Drriiiinnng! You’re in the office and a fire alarm goes off. There’s no heat. No flames. No smoke. But everyone’s standing up and heading outside anyway. As you leave, you wonder: why do companies have fire drills so often, when the chance of fire is low?
It’s because exercises like fire drills aren’t, at core, about fires. They’re designed to discover vulnerabilities – doors that stick, departments that don’t react fast enough, corridors that get too crowded as people leave the building. By noting and addressing these weak points, a normal day in the office gets a little safer, every time a drill is carried out.
And IT vulnerabilities are no different. Your web applications change over time, as old features are deprecated and new APIs are added; each change brings risks as well as opportunities. Which means your network security needs to change and adapt to cope with fresh challenges, too. Fortunately, there’s a way to do it that mitigates all these risks, thanks to Strypes.
This article covers Part 2 of our mini-series on network security, looking at vulnerabilities in your IT infrastructure and seeking solutions. In Part 1, you learned the Strypes approach to penetration testing, where friendly hackers deliberately attack your web applications from outside, seeking administrative privileges that can be used to cause you harm. Here, we’ll look at a complementary approach: vulnerability management.
Vulnerability management today: keeping a watchful eye on weaknesses
It’s a safe bet that if your business systems contain value, bad actors are looking for ways to cause trouble. And it’s not limited to your own company, or even your own country. The internet and its cloud infrastructure are infested with hackers and bots hammering away at every open port, trying to access every directory, compromise every user account.
Sometimes the attacks are brutally simple – guessing combinations of characters in a password – and sometimes they’re highly skilled and co-ordinated, involving dozens of black hatted experts. But in a surprising number of cases, they’re opportunistic: criminals seeing a weak point in your walls and trying their luck.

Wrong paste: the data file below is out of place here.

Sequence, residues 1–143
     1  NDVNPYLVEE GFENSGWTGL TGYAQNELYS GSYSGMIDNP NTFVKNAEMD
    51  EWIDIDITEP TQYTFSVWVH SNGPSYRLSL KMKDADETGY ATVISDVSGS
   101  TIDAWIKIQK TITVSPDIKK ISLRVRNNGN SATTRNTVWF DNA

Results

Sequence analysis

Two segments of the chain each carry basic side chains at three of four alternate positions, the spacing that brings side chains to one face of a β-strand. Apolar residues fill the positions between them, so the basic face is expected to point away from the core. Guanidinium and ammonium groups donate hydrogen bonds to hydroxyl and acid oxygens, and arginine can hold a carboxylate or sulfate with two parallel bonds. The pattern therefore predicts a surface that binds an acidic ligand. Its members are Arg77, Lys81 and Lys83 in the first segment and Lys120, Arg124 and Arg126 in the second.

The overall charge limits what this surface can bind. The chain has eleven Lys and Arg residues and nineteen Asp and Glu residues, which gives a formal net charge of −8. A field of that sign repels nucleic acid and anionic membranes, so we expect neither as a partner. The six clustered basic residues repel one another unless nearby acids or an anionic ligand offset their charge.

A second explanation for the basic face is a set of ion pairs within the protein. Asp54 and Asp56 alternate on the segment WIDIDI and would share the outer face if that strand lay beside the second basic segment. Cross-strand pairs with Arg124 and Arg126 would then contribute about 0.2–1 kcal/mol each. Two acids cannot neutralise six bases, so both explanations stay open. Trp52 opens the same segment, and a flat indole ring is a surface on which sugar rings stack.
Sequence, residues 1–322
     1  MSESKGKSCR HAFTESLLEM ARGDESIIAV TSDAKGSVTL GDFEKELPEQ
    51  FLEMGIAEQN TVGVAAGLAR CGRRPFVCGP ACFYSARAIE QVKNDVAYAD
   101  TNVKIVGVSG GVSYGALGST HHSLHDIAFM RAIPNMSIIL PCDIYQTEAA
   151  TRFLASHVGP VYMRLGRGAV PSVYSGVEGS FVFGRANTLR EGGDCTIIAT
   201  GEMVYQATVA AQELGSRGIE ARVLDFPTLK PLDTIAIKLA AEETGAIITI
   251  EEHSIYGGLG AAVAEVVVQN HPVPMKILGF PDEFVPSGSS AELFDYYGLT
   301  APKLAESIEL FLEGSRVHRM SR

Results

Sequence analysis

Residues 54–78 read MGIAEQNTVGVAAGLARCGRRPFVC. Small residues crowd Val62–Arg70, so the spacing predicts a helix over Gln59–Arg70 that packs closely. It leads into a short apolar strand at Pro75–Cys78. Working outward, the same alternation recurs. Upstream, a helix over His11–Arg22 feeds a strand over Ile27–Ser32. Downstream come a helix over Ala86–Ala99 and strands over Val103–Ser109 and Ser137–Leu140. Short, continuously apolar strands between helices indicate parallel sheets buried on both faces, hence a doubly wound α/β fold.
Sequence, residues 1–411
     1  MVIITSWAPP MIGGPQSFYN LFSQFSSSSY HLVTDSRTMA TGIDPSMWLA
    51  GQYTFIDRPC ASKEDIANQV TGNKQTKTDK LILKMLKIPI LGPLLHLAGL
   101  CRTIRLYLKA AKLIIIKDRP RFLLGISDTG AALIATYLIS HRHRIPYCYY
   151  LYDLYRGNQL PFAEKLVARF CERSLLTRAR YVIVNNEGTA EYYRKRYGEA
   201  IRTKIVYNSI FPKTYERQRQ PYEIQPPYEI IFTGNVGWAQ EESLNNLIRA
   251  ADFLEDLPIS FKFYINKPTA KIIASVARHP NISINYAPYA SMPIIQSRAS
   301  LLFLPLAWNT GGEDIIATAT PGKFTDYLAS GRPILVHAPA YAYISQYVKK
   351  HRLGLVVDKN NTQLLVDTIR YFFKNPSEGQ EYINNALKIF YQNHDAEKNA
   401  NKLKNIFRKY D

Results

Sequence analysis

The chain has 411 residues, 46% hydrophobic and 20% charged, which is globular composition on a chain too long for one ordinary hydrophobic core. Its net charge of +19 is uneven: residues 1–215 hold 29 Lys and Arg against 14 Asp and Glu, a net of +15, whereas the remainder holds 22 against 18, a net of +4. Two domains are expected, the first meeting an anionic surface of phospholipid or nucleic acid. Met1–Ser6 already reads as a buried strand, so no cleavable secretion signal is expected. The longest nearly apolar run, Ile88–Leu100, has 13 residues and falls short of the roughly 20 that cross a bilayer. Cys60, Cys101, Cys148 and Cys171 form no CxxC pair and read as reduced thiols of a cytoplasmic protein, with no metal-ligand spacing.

The penetration testing described in our earlier blog can close many of these gaps. But pentesting can’t do everything. It tends to be project-based and limited in scope, for business reasons like resource allocation and cost control.
Vulnerability management, by contrast, is longer-term and less invasive. It’s an ongoing attitude of watchfulness, taking intelligent decisions about your risk level and where attackers are most likely to take advantage – culminating in a comprehensive vulnerability management plan to be executed over an extended timescale.
You’ll recall Strypes’ pentesting had four main stages, plus an obvious fifth stage of fixing any problems found. Similarly, the vuln management process has five parts.
Part 1: Determining your scope
First comes a discovery phase. What’s to be included in your vulnerability management plan, and what isn’t? It’s where we list every asset on your network that might be at risk from a bad actor attack. And it’s not limited to software and servers.
Obviously, your servers – real, virtual, and cloudsourced – are on the list. As are all the mission-critical web applications on them. But a scope isn’t just what to look at; it’s how you look at them. An API may look secure from one threat, but be vulnerable to a different type of attack. A good scope covers all possibilities. Since your scope may stay in place for a year or more, this stage is important.
Part 2: defining roles and responsibilities
In any area of cybersecurity, the people factor is huge. So this part is all about building that list of who does what. Much vulnerability testing is done by software agents active on your network infrastructure: who installs those agents on your systems, and under what permissions? Who needs to be informed of vulnerabilities discovered, and how should information be cascaded to other stakeholders? Most important of all, who’s responsible for taking action when risks are identified?
This part is where we answer these questions together – making sure that for every problem, there’s someone able to deliver a solution. Whether it’s a cybersecurity consultant from Strypes, a Subject Matter Expert within your organisation, or an IT administrator new to your team.